“It’s me, Bristol.”
I close my eyes.A burner phone.My dad, calling from a burner phone.I open them for just long enough to find the emptiest corner in the hospital room.“What the hell, Dad?”
“I had to get out of there.I need to stop these guys.You don’t understand how relentless they are.They know you have the twins, and they won’t stop.”
“You gotshot.”My voice shakes, and I hate that I can’t help it.“You’re injured.What do I have to say to get through to you?The only place you should be right now is the hospital.Will’s taking care of it?”
“How?”There’s a noise in the background, but I can’t tell what it is.“Whatever he pays them won’t be enough.You know me.I’m always racking up debts.And these are the kind of guys who’ll realize the twins are a hot ransom ticket even without my debt.I have to stop them the old-fashioned way.”
My gasp is louder than I meant it to be.“Dad—no.You were never that kind of man.”He was never a killer.Never even that violent.This is a huge change, and it’s not a good one.
“Yeah, I know.But there comes a time in any parent’s life when he has to protect his kids.I missed that boat a long time ago, but better late than never.Don’t look for me, okay?I’ll be fine, and the three of you will be safe.”
“Dad—” The call disconnects.
I make it to the windowsill before my knees give out and sit down with no grace whatsoever.
My dad was wrong.We’re never going to be safe.
There are veryfew things in my life I’ve regretted more than letting Daphne whisk Bristol off to the hospital.It doesn’t feel great to lock the front door with Bristol on the other side.
Sin’s laugh tapers off.“You okay, buddy?”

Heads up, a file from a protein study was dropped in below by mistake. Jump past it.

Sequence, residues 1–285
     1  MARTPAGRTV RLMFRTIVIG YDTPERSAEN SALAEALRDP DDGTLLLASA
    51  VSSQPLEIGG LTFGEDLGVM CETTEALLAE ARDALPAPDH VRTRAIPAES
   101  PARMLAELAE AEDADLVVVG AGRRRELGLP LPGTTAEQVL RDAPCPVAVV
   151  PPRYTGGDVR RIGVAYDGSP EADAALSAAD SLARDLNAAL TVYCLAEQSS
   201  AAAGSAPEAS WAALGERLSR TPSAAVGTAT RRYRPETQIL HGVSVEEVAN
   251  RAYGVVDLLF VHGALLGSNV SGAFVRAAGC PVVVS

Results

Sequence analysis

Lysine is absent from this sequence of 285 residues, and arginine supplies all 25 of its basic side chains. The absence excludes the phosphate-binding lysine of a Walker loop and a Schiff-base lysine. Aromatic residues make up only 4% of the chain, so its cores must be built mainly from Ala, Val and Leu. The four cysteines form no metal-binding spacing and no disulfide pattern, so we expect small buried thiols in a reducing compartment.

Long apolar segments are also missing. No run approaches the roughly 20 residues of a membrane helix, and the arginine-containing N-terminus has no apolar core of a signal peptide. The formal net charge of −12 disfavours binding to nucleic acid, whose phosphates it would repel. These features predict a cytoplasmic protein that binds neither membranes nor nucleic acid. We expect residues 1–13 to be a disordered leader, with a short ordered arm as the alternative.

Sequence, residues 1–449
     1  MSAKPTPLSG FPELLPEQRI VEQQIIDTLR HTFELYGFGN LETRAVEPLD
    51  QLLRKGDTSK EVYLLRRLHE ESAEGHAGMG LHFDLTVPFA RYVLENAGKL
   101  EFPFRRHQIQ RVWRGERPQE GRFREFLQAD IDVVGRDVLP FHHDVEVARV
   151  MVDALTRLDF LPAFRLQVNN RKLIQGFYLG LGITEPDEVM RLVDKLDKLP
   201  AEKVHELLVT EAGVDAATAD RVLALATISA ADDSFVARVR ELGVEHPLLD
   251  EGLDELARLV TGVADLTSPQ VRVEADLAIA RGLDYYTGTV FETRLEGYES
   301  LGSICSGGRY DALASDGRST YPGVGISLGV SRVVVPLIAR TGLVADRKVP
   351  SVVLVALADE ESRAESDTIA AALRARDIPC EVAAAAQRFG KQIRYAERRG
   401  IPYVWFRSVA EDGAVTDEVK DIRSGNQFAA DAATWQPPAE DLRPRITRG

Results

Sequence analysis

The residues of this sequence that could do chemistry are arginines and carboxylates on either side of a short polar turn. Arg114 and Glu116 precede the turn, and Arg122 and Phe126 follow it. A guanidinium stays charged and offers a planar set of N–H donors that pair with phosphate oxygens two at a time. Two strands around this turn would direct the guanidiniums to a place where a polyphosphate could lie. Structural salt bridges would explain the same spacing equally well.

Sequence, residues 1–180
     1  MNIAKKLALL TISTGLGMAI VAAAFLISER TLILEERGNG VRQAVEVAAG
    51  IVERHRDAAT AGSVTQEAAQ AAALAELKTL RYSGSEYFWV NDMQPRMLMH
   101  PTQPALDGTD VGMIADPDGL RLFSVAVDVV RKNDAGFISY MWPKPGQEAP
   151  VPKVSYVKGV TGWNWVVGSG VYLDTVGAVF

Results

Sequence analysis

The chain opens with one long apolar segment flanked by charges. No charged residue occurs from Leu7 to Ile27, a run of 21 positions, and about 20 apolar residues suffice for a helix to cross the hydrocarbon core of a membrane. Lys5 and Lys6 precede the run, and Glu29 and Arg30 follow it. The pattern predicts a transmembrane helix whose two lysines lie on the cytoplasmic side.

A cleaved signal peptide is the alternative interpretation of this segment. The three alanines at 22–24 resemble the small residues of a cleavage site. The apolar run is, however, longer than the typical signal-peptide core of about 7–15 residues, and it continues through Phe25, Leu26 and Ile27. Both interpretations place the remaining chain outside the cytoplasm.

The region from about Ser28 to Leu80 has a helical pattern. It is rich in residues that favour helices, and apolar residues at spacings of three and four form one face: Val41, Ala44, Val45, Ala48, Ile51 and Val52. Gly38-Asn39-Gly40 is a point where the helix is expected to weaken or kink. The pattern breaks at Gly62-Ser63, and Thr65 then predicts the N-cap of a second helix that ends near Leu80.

“Shut up.I’m fine.”
It’s not even noon, but I go to the kitchen and get beers from the fridge.Sin follows me to the kitchen, then the living room, and Emerson appears a minute later without his jacket.
“Here.”I push a beer into Emerson’s hand, then Sin’s, then lead the way to the furniture and sit in the chair I like best.Sin sits sideways on the couch, one of his legs stretched out, and Em sits across from me.He’s doing the thing where he pretends not to notice that something’s wrong.“Thanks for coming over.”
Sin narrows his eyes over his beer.“Is this an intervention?Or did you just want to talk about yesterday?”
“The last thing I want to do is talk about yesterday.It was fucked up.”
That’s saying something, because we were lucky if we woke up and things were justfucked upas opposed tohorrifyingornightmarishorbarely survivable.What happened to the twins seemed like all those things combined, only worse, which doesn’t make any sense.It was my fault, just like our shitshow of a home life was, but I’m not a kid anymore.I have money.I’ve won in the ring against people like Mountain Man.It shouldn’t have been the same.
“You woke up and the twins were gone?”Emerson’s voice is extremely neutral.
“I woke up and got a photo of them on my phone, tied to a utility pole.”
Sin covers his eyes.“Jesus.”
“Then Bristol ran in, all upset because they’d left a note saying they had to go help their dad.It was a whole fucking thing.”
“So…the warehouse guy wants a second chance to kick your ass?”Sin sounds less delighted than tired.
“He does now?”
“How’s Bristol?”Emerson asks.
“Tired.Worried about her dad.Worried about the twins.But she doesn’t have to worry.I have it under control.”What I don’t have under control is the pressure rising in my chest.“I should never have taken her to that beach house.”
“Why?Both of you had a good time there.”Sin shakes his beer at me.“Don’t try to argue.I saw you having fun.And yes, it still counts, even if it wasn’t some illegal beatdown in a warehouse.”
“She keeps a plastic palm tree on her desk at work because her dream is to go on a beach vacation.I can’t take her to another andreplacewhat happened.”